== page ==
House of City History, City Model, Stihl Gallery and Eliasson Sculpture
"Waiblingen - Young city in old walls", this becomes particularly clear at this point:
On the left, part of the well preserved city wall from the Middle Ages is still visible today. Directly in front of it stands one of the oldest half-timbered houses in the city, today's House of City History. On the other side of the square are the modern Stihl Gallery and Art School Unteres Remstal (Lower Rems Valley) and as a link between the Rems and the gallery, an impressive contemporary sculpture.
House of the City History
The imposing timber framed house in the former tanner's quarter is Waiblingen's oldest preserved secular building. It was spared the great fire of 1634 as it stood outside the city wall. It was built between 1549 and 1553 as a tannery. In earlier times, one arm of the Rems ran right past the house and here the skins were rinsed. After 1720 mainly wine growers lived and worked here, hence the name, "Weingärtner Vorstadt".
The building, which has been in municipal ownership since 1983, was awarded a "Europa Nostra" diploma for its extensive renovation in 1992. Today it houses the House of City History, the historical museum of the city of Waiblingen, which – an oft recognised peculiarity - also deals with the history and the appearance of the house itself. It is also the seat of the Heimatverein Waiblingen e.V.
In front of the house is the artist Egbert Broerken's model of the City of Waiblingen. This faithful replica of Waiblingen's old town on a scale of 1:600 is the starting point for city tours and offers a good overview of the historic old town. Public and historically important buildings as well as street names are labelled in Braille as orientation for the blind and visually impaired. The city model was a project of the local association and was financed by the association itself and by Waiblingen citizens, companies and foundations (founder board displayed on the model).
As an expression of the modern paying homage to the rich architecture of the old town, three oval flat-roofed buildings designed by Stuttgart architect Hartwig Schneider, present themselves opposite, like pebbles on the river. This ensemble houses the Galerie Stihl Waiblingen, the Art School Unteres Remstal and the administration building of the Eva Mayr-Stihl Foundation which opened in 2008 and was designed for three annually changing exhibitions. In 2012, the buildings received among other awards, the renowned "Hugo Häring Prize" for modern architecture.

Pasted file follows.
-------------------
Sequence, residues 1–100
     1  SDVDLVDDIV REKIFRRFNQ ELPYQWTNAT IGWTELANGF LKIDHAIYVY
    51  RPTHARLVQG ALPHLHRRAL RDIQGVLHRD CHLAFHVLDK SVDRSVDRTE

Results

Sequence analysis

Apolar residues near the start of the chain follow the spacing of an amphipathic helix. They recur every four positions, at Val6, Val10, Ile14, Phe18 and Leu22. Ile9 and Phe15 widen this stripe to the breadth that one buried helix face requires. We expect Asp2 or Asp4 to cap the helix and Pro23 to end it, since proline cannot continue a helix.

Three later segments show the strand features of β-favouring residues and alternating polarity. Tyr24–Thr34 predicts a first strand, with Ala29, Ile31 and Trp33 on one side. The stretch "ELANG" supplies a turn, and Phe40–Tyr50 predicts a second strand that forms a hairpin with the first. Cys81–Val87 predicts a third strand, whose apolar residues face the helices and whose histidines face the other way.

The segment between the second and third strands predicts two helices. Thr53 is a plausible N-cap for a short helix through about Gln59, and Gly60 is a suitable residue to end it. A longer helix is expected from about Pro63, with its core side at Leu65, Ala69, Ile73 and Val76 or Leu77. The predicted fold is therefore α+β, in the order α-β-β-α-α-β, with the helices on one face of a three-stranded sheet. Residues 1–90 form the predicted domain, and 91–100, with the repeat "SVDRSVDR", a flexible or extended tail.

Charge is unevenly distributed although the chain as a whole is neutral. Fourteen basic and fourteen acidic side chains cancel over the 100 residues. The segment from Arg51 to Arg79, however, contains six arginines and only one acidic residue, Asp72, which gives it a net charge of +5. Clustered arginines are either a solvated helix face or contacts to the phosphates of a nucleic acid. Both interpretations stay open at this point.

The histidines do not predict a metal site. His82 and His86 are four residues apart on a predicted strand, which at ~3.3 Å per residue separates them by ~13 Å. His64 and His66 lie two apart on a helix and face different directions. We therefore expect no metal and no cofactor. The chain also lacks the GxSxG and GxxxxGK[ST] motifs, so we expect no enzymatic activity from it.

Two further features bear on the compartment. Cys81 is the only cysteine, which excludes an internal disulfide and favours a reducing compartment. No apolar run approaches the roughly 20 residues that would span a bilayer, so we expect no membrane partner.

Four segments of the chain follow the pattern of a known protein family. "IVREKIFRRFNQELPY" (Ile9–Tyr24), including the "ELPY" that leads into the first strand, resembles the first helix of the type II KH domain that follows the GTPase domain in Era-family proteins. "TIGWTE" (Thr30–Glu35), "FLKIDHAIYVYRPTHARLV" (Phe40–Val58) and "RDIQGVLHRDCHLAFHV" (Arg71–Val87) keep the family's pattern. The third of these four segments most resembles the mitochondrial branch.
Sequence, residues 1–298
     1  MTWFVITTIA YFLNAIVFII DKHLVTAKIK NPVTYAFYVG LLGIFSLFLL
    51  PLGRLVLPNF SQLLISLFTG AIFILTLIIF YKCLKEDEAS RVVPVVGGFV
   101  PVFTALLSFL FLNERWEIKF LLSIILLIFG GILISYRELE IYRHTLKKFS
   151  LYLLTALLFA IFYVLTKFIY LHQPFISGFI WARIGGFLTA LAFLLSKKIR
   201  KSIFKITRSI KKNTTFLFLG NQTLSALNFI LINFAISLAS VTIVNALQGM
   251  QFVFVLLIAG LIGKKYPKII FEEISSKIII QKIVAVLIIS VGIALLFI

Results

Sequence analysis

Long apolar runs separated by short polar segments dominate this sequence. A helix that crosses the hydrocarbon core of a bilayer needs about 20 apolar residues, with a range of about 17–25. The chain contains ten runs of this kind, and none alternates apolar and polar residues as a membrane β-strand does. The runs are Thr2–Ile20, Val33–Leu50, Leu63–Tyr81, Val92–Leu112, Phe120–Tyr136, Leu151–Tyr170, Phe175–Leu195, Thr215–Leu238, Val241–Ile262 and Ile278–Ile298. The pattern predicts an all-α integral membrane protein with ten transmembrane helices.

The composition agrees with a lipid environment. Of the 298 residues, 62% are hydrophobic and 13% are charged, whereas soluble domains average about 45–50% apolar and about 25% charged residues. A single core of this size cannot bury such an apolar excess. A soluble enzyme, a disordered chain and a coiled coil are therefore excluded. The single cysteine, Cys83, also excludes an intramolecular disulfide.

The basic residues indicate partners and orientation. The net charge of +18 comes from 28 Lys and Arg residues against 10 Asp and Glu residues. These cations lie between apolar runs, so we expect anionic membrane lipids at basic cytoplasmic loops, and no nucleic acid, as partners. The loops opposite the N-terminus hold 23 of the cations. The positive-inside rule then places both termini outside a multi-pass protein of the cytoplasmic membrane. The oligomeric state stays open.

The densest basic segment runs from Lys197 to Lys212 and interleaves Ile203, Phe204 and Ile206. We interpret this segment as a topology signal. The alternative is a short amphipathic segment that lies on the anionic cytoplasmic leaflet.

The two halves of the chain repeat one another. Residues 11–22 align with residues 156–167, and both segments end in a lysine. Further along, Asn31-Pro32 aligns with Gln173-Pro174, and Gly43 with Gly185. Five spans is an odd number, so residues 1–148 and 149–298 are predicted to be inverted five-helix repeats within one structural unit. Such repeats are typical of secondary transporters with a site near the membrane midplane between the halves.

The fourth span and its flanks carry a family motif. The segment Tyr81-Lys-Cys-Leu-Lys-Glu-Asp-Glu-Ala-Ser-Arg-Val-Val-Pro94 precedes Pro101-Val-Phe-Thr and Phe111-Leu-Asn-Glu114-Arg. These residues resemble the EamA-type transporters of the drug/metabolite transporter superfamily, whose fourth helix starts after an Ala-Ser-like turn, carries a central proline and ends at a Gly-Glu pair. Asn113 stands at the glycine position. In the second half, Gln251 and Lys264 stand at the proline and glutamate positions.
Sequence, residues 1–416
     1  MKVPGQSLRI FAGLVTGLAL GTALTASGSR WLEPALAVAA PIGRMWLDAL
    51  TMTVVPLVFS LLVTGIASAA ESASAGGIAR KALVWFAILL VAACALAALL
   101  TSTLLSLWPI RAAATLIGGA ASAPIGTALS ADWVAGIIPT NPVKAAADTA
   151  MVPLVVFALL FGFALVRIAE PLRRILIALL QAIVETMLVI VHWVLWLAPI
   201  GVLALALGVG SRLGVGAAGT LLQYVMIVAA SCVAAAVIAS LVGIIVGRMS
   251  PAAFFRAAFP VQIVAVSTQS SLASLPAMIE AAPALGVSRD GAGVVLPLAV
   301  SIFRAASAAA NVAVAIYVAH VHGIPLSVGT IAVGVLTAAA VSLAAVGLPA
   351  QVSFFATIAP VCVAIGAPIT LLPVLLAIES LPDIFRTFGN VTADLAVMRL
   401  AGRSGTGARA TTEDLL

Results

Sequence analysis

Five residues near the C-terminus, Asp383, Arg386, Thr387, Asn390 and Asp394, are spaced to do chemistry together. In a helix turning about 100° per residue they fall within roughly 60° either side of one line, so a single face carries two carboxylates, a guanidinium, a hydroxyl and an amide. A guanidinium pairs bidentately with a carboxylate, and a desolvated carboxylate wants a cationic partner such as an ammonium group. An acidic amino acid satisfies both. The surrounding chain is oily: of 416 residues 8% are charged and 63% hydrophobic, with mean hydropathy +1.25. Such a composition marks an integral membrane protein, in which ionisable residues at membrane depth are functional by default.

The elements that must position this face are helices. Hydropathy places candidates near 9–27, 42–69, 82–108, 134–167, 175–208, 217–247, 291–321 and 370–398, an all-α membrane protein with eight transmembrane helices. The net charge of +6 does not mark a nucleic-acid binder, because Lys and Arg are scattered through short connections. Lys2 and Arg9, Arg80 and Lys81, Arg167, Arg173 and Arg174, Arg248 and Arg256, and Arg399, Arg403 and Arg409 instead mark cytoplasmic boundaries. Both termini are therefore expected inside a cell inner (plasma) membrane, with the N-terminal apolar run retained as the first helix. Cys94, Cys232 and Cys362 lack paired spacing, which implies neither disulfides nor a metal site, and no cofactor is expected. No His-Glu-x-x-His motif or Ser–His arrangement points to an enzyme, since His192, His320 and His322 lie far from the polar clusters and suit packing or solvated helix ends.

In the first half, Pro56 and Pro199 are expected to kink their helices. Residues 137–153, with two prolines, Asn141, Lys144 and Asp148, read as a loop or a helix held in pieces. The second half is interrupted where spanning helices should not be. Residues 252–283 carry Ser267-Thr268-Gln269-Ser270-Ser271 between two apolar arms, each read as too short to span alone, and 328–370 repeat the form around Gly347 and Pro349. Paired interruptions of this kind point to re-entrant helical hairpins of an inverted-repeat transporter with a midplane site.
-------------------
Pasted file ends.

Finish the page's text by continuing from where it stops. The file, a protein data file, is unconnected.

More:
On the site of today's Disegno restaurant stood the Häckermühle, a former 16th century mill for grinding oak bark for leather tanning (traceable since 1555). The grinding operations were continued up until1966 when
the building had to be demolished being in such a desolate condition that it could no longer be restored.
Today's new building, also designed by the architect Hartwig Schneider and reminiscent of the Häckermühle in its architectural form, houses the administration of the Stihl-Galerie along with the restaurant.
In 2009, the renowned Danish artist Olafur Eliasson created the stainless steel sculpture "Pavillon für Waiblingen" especially for the open space between the gallery and the art school. It refers to the river and to the surrounding nature in the form of a stylized fountain. The sculpture is accessible to visitors and is meant as a meeting place.
Another work of art at an unusual location behind the gallery is the "Man on Seahorse" by sculptor Prof. Stephan Balkenhol. Made of bronze, the 3.60 m high sculpture on a platform in the river turns the Rems into a platform for art. It is the artist's largest floating work.